The size of Uganda’s delegation to the United Nations General Assembly (UNGA) has raised our collective eyebrows - again.
In September 2022, Prime Minister Robinah Nabbanja faced public criticism for plans to lead a parallel delegation of twelve to UNGA in addition to the main delegation of six, led by Vice President Jessica Alupo.
This year, Uganda bumped up its delegation to 71 people, which the opposition has criticized as wasteful and misguided. Reports of the rotund daily allowances of the delegation’s officials added incendiary flames to public ire.
In 2012, New York journalists shadowed UNGA delegations from some of the world’s poorest countries like Togo, Swaziland, Gabon, Mali and Nigeria. The delegations splurged on New York’s most expensive hotels and waltzed in and out of glitzy shopping centers with heavy-laden bags of premium shopping.
In March, President Yoweri Museveni ordered a blanket ban on travel abroad for civil servants and parliamentarians and blamed the Finance ministry for poor prioritization. The Finance ministry argued a blanket ban on travel abroad was not practical as some overseas travels are essential (like begging for money and courting foreign investment) to national development.
If we must travel, we ought to make it count for Uganda. Our delegations abroad should be lean and mean fighting machines of excellence and Uganda’s interests.
The United Nations Climate Change Conference or COP27 held in November 2022 in Egypt provides an excellent example of why size matters. Climate change and fossil fuels make a heady mix to the detriment of life on earth. African countries and indigenous communities face the worst effects of climate change thanks to the world’s thirst for fossil fuels.
The Guardian newspaper stated that delegations representing corporate interests dwarfed many African governments and indigenous communities highlighting the growing influence of the fossil fuel lobby. COP27 attracted the highest number of fossil fuel lobbyists in COP history.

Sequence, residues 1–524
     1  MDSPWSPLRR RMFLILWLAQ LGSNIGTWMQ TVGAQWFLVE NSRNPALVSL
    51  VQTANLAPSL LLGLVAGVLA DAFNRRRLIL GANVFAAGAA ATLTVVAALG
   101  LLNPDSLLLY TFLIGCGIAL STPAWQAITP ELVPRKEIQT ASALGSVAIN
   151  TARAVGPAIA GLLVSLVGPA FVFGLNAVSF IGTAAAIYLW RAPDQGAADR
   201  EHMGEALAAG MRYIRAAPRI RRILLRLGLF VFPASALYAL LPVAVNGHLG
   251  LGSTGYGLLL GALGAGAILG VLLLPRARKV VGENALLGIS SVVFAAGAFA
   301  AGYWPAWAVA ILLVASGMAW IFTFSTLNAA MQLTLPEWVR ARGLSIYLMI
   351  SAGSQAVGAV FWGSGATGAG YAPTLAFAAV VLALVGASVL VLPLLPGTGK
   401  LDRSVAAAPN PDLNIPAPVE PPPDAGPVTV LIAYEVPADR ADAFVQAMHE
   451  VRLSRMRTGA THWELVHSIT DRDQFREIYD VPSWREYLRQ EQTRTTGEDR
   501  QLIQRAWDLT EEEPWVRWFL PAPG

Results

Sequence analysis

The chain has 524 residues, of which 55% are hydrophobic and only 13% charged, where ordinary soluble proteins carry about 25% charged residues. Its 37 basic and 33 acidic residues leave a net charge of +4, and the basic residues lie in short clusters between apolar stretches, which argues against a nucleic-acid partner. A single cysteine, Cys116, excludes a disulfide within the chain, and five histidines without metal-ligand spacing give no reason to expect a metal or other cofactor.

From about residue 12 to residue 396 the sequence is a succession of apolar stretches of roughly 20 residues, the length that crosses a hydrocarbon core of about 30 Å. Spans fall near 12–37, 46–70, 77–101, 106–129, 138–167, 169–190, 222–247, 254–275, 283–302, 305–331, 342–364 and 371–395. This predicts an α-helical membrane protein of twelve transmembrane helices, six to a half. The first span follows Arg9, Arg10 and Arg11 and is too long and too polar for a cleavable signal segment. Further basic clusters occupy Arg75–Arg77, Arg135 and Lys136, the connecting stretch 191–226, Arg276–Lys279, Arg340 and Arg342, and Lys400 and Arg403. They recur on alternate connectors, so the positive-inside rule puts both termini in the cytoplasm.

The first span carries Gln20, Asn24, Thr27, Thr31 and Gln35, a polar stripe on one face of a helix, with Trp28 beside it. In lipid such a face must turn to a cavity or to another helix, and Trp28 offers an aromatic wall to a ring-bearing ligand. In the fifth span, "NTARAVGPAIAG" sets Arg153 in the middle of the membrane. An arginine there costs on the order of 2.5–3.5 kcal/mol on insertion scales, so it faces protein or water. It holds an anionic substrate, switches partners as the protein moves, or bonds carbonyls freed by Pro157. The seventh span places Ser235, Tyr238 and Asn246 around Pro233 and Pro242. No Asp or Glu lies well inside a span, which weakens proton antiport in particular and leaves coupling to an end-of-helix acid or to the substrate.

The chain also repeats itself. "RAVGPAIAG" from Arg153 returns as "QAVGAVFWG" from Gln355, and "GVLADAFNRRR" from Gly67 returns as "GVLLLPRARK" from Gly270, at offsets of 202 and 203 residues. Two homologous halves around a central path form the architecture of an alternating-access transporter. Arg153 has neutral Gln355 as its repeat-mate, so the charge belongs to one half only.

Meanwhile, Mauritius, one the most vulnerable countries to the effects of climate change, sent a delegation of seven - the least number of delegates. Notably, during COP26, Mauritius warned that climate action is “a matter of life and death.”
A Global Policy research paper published in March on the importance of delegation size at UNGA concludes that size does matter at UNGA. Global Policy underlines the importance of UNGA as the centre stage of world politics, where all UN member states get their deliberative 15 minutes of fame.
The research paper, which is based on UN data on country delegations to UNGA from 1993 to 2016, shows that countries seeking to maximize their participation in UNGA need to have sizeable representation.
Generally, countries with sizeable human and financial resources tend to send large delegations to UNGA compared to countries with small populations or low national incomes. Big is big - and must be seen as big.
Global Policy classifies large delegations into four categories. Firstly, human rights violators send more representatives to UNGA than human rights promoters because they want to control the discussions and thwart any resolutions against them or other human rights offenders.
Secondly, countries that are heavily involved in UN security and peacekeeping operations tend to send large delegations as they seek to maintain control of the missions. Thirdly, countries with an economic development agenda – countries that provide or receive development aid - send more representatives to UNGA.
The donors seek to maintain their soft power through aid while the sucklings of donor aid seek more funding. Everyone wins. Fourthly, the UN Security Council members send larger delegations seeking to maintain their exclusivity in the daily running of the UN. Big remains big.
With these categories in mind, 71 suddenly seems mild for Uganda. Global Policy notes that 100 members is the average size of a large delegation. Surely, 71 is not enough, considering the current position of Uganda. Following the international backlash from the anti-homosexuality legislation, Uganda needs more friends with more money. UNGA is our chance to razzle-dazzle the international community with the vibes of our delegation.
As we wait patiently for Uganda’s delegation to make a big splash at UNGA, our neighbours are showing off again. The Kenyan and Rwandan delegates led by their respective presidents are not doing us any favours. The East African newspaper revealed that Kenya scooped a deal with the American National Basketball Association (NBA) to help train local coaches.
The NBA will also open an office in Nairobi. Additionally, the Kenyan president signed a $60 million deal with an American development agency, the Millennium Challenge Corporation (MCC). The Rwandan president, on the sidelines of UNGA, met with the chairman and CEO of the global pharmaceutical giant, Pfizer.
President Museveni has stayed away from attending UNGA in person since 2017, notes The Independent Magazine. In 2018, State Minister for International Affairs Okello Oryem told the media, “The president told cabinet it was pointless to travel to New York when he was going to address the assembly for only 15 minutes. It is also costly; each time he travels, he is accompanied by a big delegation.”
At the time, former premier Ruhakana Rugunda led Uganda’s delegation of 15. It appears the issue is not if our delegation is 15 or 71 but the quality of our delegation. Will Alupo and Nabbanja’s 71 deliver where 15 or less did not?
The writer is a tayaad muzzukulu.